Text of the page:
Going to Shimla? Carry your own water

June 2nd, 2009 - 12:17 pm ICT by IANS  

Manmohan Singh By Vishal Gulati
Shimla, June 2 (IANS) What do you expect when you go to Shimla? Walks on the Mall, great climate, horse rides, shopping and good food. What do you get? Dry taps.

The Queen of Hills, as Shimla was fondly called by the British, is synonymous with water scarcity in both summer and winter.

“This time the problem is more acute as the snowfall has played truant. The floating population of tourists is making the situation worse,” Shimla’s municipal commissioner A.N. Sharma told IANS.

“Planned for a maximum population of 16,000, the town now supports more than 200,000 people. You see there is a tremendous pressure on natural resources.

“Against a requirement of over 45 million litres per day, we are receiving a supply of only 37 million litres,” Sharma said.

According to tourism industry representatives, now every weekend Shimla is getting 40,000 to 50,000 tourists on an average. It’s slated to go up to 60,000 very soon.

Sharma attributed the decline in water in river and water channels to lack of snow and rain in the winter.

“Most of the natural water channels have dried up due to lack of adequate snowfall and rain. This year the situation is quite grim,” he added.

According to the meteorological office here, 11 of the 12 districts in the state have received deficient rainfall and snowfall this winter.

“The state has experienced a relatively warm and dry winter this year,” said Manmohan Singh, director of the meteorological office.

Of the districts, Bilaspur was the driest this winter with a rainfall and snowfall deficiency of 82 percent, followed by Solan (78 percent), Sirmaur (76), Mandi (75), Hamirpur and Shimla (74 each), Kinnaur (67) and Kangra (61 percent).

“Shimla and its nearby areas saw just 15 centimetres of snowfall Feb 11 and there was no snow before or after that,” Manmohan Singh said.

The civic body is now supplying water on alternate days in various areas.

The water crisis has left hoteliers unhappy while they expect a heavy rush of tourists. The town has more than 450 hotels, restaurants and guest houses.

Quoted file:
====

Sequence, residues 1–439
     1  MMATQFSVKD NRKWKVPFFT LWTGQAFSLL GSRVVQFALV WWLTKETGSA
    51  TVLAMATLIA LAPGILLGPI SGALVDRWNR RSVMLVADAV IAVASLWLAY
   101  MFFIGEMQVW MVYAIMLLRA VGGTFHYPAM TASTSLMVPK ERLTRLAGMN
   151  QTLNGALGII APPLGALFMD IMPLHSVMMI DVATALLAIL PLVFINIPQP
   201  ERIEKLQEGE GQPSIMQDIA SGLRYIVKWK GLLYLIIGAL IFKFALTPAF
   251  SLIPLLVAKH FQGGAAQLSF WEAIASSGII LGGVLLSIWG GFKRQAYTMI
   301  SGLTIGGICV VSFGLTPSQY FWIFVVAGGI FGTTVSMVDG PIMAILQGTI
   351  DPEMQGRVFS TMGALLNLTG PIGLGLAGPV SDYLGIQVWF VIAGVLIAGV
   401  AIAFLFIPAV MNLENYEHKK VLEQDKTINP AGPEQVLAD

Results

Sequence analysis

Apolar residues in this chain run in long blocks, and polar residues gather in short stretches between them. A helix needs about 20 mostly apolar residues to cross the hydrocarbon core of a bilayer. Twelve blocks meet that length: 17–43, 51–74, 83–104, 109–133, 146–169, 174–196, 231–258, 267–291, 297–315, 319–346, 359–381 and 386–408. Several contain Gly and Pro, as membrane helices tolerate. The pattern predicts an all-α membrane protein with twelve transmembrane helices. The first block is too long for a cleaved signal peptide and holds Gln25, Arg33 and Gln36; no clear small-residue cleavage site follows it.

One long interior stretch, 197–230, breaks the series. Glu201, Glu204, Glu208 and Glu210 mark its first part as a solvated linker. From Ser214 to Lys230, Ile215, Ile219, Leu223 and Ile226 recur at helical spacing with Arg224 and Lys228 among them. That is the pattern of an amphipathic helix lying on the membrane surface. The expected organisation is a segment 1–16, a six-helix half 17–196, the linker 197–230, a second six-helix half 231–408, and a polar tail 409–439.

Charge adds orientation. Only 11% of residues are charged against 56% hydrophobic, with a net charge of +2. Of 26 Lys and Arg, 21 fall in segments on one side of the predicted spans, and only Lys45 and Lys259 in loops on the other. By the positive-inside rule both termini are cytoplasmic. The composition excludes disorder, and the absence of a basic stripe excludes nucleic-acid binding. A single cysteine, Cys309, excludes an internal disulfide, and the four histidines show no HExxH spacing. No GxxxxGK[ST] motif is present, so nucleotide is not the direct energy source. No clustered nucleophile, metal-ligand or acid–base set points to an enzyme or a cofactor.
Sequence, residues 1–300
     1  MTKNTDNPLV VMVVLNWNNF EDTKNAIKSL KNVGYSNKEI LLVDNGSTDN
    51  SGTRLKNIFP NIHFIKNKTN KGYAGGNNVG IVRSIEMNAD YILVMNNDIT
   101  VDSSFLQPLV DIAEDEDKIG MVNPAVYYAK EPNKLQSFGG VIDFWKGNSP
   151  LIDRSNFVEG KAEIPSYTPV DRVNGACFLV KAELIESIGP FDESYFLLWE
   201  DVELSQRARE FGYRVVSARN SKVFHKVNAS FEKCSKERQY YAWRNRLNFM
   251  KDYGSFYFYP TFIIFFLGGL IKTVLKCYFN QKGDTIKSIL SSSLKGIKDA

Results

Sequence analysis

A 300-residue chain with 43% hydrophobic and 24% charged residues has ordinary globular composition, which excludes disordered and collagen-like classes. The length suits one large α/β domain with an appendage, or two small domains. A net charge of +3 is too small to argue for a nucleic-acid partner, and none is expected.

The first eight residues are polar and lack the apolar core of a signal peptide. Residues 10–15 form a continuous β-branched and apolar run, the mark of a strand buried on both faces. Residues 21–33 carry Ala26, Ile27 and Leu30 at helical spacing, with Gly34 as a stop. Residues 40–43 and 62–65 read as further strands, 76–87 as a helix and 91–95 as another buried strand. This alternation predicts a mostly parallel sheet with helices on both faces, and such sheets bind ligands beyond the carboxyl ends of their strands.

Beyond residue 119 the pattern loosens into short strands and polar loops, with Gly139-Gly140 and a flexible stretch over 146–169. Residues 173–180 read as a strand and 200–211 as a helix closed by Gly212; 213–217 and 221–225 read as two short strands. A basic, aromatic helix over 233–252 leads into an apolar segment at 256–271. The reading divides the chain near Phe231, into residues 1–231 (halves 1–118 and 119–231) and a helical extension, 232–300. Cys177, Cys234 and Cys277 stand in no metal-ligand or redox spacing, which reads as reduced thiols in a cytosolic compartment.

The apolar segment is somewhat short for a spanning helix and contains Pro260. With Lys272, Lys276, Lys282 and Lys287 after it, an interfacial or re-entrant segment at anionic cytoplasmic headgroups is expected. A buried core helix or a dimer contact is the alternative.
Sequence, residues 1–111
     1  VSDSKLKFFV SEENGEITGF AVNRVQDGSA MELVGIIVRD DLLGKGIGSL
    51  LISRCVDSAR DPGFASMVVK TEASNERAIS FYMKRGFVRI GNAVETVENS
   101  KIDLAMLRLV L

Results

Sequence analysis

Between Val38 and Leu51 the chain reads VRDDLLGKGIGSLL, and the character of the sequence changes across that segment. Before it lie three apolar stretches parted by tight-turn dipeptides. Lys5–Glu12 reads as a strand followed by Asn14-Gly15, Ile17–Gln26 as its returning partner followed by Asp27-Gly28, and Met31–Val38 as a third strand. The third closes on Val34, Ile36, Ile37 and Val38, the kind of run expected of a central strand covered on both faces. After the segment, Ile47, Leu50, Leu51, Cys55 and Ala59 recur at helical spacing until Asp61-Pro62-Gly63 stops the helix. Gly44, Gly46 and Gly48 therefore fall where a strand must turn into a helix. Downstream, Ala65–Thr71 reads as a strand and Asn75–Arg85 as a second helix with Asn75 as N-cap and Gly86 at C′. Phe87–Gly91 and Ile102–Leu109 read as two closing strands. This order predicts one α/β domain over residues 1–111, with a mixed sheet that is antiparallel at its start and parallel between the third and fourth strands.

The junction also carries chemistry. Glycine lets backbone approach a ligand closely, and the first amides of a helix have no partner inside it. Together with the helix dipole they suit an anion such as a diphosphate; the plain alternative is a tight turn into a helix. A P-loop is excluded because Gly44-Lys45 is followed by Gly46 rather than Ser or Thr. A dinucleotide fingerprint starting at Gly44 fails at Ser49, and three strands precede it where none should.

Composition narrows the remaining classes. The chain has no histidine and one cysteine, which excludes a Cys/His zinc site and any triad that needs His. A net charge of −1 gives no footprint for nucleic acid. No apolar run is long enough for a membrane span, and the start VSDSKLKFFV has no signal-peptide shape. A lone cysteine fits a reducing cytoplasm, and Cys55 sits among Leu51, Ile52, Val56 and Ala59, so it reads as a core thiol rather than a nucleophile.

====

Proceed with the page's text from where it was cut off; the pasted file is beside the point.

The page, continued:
“Last month the tourism industry saw a drop in bookings due to general elections. Now we were expecting the crowd to swell, but the water crisis has dashed our hopes of brisk business,” said D.P. Bhatia of Clarke’s Hotel, a venture of the Oberoi Group.

Dinesh Gupta of the Himani Group of Hotels said: “With the rise in mercury in the plains, the inflow of the tourists has increased. But water shortage is worsening the situation. We are keeping fingers crossed as (water) scarcity might put dent on tourists’ arrival.”

Many tourists are heading to Manali, which has more water.

“Most of the tourists prefer to visit Manali due to uninterrupted water supply. The occupancy is 100 percent,” said Tek Chand Thakur, president of the Manali Hoteliers Association. “The 13,050-foot-high Rohtang Pass, which is just 60 km from Manali and is covered with a blanket of snow, is an added attraction.”

The number of tourist arrivals in the state last year was well above the state’s population of about 6.5 million.

The state attracted 9.37 million domestic and 367,000 foreign tourists. Kullu and Manali are the hotspots for tourists, followed by Shimla and Dharamsala.

The department of tourism and civil aviation is planning to start paragliding, mountain biking, river rafting competitions and a Himalayan marathon this season.

(Vishal Gulati can be contacted at vishal.g@ians.in)

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